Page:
Cardiac electrophysiology program is concerned with studying the electrical activity of your heart to find where an arrhythmia (abnormal heartbeat) is coming from; Alhyatt Heart and Vascular center is the only private center in the Nile Delta to offer such services.
The test is performed by inserting catheters and then wire electrodes, which measure electrical activity, through blood vessels that enter the heart.
The EP study is performed in the electrophysiology laboratory of the hospital, where you’ll be placed on an X-ray table. A camera and television screens, heart monitors and various instruments will be close by.
To prevent infection, a nurse will shave and cleanse the groin and possibly neck area where the catheters will be inserted. The area will be cleansed with an antiseptic. Sterile sheets will be draped over your body.
Depending on the type of study you undergo, you may be given medications intravenously to relax or sedate you.
One or more catheters, which are thin, long, flexible wires, will be inserted into a large vein in your groin or neck. The catheters will be guided to your heart. The positioning of catheters inside your heart will be monitored on a screen. You may feel pressure when the catheters are inserted.
Medications are sometimes used to stimulate your arrhythmia. You may feel your heart racing or pounding.
Once the EP study is over:
- Catheters are removed and pressure applied to the groin and neck areas to prevent bleeding.
- You’ll lie still in bed for four to six hours to allow the catheter sites to seal. Don’t move or bend your leg.
- You will be checked frequently. If you feel sudden pain or see bleeding at the site, call the nurse immediately.
EPS and ablation
It is a procedure to correct some heartbeat disorders, in the healthy state of the heart, the heart muscle cells are stimulated by the electrical impulses that make them contract regularly, this results in pumping the blood from the heart to the arteries and then to all parts of the body.
In some cases, the electrical impulses are disrupted and they take a different path through heart cells in an abnormal way, leading to a malfunction in the heartbeat and lead to some symptoms such as:
• pain in chest.
• Slow or fast heartbeat.
• Shortness of breath.
Cardiac ablation is a simple surgical procedure to scar some of the diseased heart tissue that may be the cause of irregular heartbeat.
This procedure is not recommended for all patients since it is possible to control the condition through an appropriate treatment regimen. Surgery is the last solution after the failure of the regimens.
– The procedure usually lasts from 3 to 4 hours.
– Patients are given intravenous medication to help them relax, and the condition may require general anesthesia.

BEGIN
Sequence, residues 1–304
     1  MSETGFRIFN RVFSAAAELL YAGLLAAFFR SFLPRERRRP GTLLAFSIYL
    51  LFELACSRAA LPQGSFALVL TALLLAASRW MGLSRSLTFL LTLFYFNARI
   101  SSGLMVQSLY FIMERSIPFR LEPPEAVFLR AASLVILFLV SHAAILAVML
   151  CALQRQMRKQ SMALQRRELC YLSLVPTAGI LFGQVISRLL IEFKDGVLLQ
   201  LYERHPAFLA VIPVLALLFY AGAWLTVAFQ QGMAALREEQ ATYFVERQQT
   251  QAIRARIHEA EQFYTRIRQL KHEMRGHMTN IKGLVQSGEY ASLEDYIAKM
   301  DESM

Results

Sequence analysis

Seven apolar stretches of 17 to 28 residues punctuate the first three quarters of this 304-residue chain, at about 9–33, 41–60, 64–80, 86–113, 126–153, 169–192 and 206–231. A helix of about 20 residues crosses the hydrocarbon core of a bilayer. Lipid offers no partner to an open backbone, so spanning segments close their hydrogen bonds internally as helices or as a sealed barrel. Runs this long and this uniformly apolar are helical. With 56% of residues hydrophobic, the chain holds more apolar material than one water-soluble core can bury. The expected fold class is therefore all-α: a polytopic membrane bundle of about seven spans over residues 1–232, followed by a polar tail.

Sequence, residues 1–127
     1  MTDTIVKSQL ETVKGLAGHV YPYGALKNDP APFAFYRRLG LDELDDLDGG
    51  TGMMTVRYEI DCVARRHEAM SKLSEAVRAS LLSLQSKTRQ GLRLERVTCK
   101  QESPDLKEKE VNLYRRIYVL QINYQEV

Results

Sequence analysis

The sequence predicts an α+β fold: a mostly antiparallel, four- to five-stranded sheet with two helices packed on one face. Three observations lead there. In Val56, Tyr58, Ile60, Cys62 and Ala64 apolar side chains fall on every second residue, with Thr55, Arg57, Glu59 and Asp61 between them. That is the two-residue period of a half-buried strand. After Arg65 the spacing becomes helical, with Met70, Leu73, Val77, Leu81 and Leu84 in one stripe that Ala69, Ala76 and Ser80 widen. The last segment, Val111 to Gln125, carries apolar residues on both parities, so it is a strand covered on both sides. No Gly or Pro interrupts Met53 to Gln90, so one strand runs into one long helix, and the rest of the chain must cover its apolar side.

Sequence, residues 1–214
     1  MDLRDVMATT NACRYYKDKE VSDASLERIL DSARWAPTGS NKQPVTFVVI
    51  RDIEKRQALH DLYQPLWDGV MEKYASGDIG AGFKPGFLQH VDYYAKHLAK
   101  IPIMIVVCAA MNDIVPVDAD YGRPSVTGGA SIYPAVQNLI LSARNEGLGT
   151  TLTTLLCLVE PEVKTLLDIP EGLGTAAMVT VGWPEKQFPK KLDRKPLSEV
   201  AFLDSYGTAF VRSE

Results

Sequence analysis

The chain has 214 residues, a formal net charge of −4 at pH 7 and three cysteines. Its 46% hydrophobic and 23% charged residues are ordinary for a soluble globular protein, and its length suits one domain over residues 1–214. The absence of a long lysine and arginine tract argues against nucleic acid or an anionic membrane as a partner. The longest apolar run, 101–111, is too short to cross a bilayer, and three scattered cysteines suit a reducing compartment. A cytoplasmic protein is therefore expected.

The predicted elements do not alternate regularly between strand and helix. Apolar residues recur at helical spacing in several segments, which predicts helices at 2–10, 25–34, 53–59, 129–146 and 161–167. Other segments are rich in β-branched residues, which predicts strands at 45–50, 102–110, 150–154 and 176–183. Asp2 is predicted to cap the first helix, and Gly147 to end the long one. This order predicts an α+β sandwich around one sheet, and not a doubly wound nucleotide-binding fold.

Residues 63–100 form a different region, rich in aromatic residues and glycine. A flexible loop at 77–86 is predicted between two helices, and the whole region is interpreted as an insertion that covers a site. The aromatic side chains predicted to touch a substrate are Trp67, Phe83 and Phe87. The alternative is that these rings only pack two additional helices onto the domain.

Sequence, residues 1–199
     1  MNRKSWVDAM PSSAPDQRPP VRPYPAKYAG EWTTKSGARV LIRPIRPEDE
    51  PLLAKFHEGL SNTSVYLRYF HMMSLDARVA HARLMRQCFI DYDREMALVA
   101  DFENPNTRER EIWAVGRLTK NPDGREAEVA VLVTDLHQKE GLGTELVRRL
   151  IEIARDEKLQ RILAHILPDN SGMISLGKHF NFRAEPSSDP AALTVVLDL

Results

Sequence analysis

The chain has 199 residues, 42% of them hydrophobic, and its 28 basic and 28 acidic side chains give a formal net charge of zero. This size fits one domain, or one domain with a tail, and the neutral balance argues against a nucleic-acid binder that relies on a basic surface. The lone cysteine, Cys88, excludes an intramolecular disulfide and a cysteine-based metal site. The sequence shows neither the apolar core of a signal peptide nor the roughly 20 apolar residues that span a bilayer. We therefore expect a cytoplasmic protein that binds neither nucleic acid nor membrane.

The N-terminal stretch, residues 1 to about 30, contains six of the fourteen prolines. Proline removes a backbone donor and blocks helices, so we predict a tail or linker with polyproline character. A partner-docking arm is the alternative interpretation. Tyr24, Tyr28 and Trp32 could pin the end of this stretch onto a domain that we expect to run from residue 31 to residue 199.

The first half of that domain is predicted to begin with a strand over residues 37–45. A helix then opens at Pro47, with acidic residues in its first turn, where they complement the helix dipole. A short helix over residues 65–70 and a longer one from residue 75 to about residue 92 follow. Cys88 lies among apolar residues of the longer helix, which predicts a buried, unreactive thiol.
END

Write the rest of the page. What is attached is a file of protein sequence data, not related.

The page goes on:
– The doctor makes a small hole in the groin insert the catheter, and direct it to the heart through the blood vessels.
– At the end of the catheter there are electrodes used to stimulate the heart muscles and determine the areas responsible for the abnormal rhythm, and then the poles are used to wound or scar the tissues causing the problem.
AF 3-D Mapping and ablation
The arrhythmia occurs when the electrical signals that regulate the heart rhythm are disrupted. This causes the heart to pulse irregularly, this occurs in the right or left atrium. This causes the blood not to be pumped properly throughout the body.
A patient with an atrial flutter is at increased risk of stroke due to the speed of the beat, which leads to the accumulation of a large amount of blood in the heart, which can cause the formation of clots that can be transmitted to different organs.
In the case of atrial flutter, the electrical signals in the atria are chaotic and the electric waves travel in several directions, making it difficult to determine the appropriate place that the doctor will work to prevent the occurrence of this electrical disorder.
And here comes the role of ST Jude NAVIX system 3D Mapping device, which photograph the electrical movement of the heart in a three-dimensional image. This helps the doctor to identify the location of electrical disturbances accurately and greatly improve success rates.
After selecting the area where the 3D device is to be used, the catheter is inserted into the femoral tube through a vein and directed to the heart and to the desired area by the electrodes located at the end of the catheter.
VT 3D Mapping and ablation
Rapid heart palpitations that originate from the ventricles are caused by electrical heart failure caused by the disruption of the transfer of electrical waves through the cells of the heart muscle.
In the beginning, three-dimensional mapping is performed by inserting a special catheter through the femoral vein after appropriate anesthesia. The catheter is carefully guided through the blood vessels. The catheter captures all electrical activities of the heart. A map is drawn on a three-dimensional model of the heart chambers.
In the final stage, the position of the pulse defect is determined and the process of scarring is initiated by electrodes at the end of the catheter.